Few people want to consider the end of their lives. Unfortunately, being unprepared for the end of your life can result in real problems for your loved ones: assets being distributed differently than you would’ve wanted, costly days in probate court, or unexpected expenses for your family. A comprehensive estate plan can help prevent this big mess.
In general, it’s wise to have a plan for when the inevitable happens. However, it can be overwhelming to approach this if you haven’t previously put much thought into it. Even if you have, worrying about whether you’ve covered all of the important steps can be stressful.
Complete this Estate Planning Checklist to avoid these unpleasant outcomes:
A smart first step is to catalog all of your assets and liabilities. From financial accounts, credit cards, properties, valuable physical assets, and any other relevant information, the rest of these steps will be easier if you actually know what you have to distribute, and what types of expenses will need to be paid.
Draft a Living Will and a Last Will
Having a will is perhaps the most important part of an estate plan. There are several types of wills, but the most commonly used are living wills and last wills. A living will stipulates the type of medical care you would like to receive (or not receive) after you’re no longer able to communicate. A Last Will and Testament covers what you would like done with your assets upon your death. In other words, who gets what. These are both crucial parts of any estate plan.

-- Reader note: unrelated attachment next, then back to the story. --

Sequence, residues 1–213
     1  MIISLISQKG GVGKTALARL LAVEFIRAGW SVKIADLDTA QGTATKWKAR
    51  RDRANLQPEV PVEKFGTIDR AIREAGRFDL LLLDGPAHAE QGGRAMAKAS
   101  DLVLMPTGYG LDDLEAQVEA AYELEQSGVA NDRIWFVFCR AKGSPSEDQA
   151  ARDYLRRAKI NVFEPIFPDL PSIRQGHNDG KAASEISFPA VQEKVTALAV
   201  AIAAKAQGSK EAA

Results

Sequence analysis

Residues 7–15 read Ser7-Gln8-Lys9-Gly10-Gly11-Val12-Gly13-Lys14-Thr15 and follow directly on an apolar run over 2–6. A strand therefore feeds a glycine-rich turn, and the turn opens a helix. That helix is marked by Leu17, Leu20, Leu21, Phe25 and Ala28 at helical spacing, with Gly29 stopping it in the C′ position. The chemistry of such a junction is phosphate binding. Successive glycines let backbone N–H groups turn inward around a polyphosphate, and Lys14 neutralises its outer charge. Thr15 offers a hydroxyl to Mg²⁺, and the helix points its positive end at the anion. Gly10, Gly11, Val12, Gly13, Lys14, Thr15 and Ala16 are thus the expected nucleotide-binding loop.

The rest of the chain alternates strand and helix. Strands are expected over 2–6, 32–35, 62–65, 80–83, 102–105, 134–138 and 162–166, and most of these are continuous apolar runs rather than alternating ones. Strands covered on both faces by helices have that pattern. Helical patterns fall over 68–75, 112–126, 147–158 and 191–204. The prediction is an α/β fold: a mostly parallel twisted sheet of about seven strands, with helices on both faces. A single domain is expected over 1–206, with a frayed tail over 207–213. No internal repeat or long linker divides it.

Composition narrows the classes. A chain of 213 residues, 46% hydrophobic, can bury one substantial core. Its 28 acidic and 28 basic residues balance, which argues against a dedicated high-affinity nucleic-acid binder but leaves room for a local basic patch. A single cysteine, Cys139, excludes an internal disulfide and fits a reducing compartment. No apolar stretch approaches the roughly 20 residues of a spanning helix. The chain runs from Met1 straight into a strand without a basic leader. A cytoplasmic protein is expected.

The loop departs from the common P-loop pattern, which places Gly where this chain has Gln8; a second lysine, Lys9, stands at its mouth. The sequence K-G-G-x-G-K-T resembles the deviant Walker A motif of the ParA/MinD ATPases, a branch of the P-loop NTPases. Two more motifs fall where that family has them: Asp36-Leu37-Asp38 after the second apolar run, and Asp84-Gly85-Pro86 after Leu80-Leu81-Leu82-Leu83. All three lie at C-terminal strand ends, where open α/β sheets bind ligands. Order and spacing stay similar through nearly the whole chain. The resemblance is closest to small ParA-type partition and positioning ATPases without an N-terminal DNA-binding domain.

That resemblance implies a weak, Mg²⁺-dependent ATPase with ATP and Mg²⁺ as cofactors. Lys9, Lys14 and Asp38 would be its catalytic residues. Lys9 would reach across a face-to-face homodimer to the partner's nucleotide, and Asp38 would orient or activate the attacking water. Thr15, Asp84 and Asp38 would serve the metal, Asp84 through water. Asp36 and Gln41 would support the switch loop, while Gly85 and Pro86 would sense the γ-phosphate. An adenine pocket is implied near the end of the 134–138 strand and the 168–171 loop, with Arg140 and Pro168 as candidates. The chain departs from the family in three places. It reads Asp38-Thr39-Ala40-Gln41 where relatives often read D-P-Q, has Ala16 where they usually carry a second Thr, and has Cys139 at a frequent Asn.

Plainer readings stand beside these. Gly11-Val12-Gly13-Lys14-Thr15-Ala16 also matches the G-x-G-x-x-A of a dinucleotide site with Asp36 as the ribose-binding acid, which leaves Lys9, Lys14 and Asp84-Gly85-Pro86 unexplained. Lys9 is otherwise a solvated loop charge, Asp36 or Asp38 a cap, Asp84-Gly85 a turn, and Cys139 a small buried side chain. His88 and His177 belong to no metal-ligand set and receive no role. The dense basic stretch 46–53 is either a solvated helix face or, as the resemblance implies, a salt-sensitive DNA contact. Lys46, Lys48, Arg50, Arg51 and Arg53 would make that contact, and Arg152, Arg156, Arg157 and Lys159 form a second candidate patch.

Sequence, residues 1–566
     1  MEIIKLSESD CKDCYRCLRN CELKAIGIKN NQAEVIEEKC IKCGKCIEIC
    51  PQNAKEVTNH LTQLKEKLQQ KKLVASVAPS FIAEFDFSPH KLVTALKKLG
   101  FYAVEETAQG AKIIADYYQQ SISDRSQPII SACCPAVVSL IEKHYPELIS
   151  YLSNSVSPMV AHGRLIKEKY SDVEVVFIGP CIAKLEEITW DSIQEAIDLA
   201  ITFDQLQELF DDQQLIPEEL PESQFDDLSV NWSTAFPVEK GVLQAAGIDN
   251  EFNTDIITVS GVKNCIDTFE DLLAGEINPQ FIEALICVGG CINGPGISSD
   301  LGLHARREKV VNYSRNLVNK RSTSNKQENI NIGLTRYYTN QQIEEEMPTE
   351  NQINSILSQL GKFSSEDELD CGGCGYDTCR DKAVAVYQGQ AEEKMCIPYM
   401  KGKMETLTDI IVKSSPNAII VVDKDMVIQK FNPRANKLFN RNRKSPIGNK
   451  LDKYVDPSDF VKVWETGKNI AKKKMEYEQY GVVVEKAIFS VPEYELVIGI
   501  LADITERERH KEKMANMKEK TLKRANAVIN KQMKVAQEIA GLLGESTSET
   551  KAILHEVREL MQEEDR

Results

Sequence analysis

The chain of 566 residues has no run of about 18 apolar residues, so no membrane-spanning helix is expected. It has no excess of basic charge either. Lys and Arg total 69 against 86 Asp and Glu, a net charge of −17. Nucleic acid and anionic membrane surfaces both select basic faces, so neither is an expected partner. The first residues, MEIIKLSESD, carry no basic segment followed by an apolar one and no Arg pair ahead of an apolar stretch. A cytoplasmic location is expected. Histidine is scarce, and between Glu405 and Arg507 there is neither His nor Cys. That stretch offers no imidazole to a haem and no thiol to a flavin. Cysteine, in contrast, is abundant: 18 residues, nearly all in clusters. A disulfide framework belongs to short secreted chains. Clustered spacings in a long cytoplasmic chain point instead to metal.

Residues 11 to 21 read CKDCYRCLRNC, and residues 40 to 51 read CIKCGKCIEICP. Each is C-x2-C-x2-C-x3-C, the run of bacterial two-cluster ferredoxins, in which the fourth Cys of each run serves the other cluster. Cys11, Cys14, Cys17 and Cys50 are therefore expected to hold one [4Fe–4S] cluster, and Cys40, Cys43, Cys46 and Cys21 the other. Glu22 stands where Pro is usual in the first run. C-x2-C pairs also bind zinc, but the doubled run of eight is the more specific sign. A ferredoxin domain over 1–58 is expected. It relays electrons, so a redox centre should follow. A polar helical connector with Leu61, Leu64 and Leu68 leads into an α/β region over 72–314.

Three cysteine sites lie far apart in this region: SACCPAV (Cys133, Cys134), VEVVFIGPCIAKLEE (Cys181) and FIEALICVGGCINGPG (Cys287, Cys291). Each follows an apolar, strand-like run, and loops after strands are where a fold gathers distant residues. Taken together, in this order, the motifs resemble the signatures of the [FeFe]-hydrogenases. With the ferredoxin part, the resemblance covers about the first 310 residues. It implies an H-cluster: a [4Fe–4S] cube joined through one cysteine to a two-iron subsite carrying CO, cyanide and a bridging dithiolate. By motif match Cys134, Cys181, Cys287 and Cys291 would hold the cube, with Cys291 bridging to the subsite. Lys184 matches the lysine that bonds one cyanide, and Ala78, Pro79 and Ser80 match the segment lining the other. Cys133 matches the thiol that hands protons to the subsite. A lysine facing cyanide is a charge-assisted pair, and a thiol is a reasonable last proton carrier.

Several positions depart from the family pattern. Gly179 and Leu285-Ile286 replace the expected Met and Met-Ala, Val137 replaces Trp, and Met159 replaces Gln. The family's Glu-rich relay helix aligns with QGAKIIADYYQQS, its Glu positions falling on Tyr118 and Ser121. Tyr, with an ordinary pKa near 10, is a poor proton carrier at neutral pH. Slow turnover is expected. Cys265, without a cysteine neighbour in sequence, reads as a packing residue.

Create a Trust
A trust essentially passes assets to a third party, which could be a financial institution or simply someone you entrust with the responsibility. A trust can be useful, but it’s not necessary for every person. If you feel it’s important to exert more control over your assets than a will allows for, a trust may be your best bet. For example, if you want to dictate a set amount of money to go to your children each year, a trust is the way to go. If your estate is valued at over $5.49 million (the current amount at which the estate tax is applied), setting up a trust early on can allow you to give money to your children each year, which chips away at the taxable size of your estate. Another perk of some trusts is that they avoid the lengthy and costly probate process.
Authorize Power of Attorney
Power of attorney gives someone the authority to make financial decisions on your behalf. However, this power ceases the moment you die or become otherwise incapacitated, unless you have vested this person with durable power of attorney. It is wise to have a trusted person in place to take over control of monetary decisions in the event of your death.
Update Beneficiary Forms
These documents correspond to several different types of accounts, such as retirement plans, annuities, and life insurance plans. Without a beneficiary named for these accounts, a probate court will decide how the assets will be distributed. To avoid this mess, make sure any beneficiary forms are updated to ensure that funds are quickly transferred to those who need them.
Choose a Healthcare Proxy
Just as the person given power of attorney is put in charge of making financial decisions after you’re unable to, this trusted person will be tasked with making decisions regarding your medical treatment in the event that you are unable to advocate for yourself.
Take Care of Insurance
Making sure your insurance is in place to help your family is important. You don’t want to have them worrying about how to cover your funeral and burial expenses while they’re still grieving. Having a sufficient life insurance plan in place and a decision of what you’d like to be done with your body are important tasks to take care of before it’s too late.
These are all valuable steps toward preparing the future you desire for your loved ones. However, the exact documents and procedures needed can vary by state and circumstance.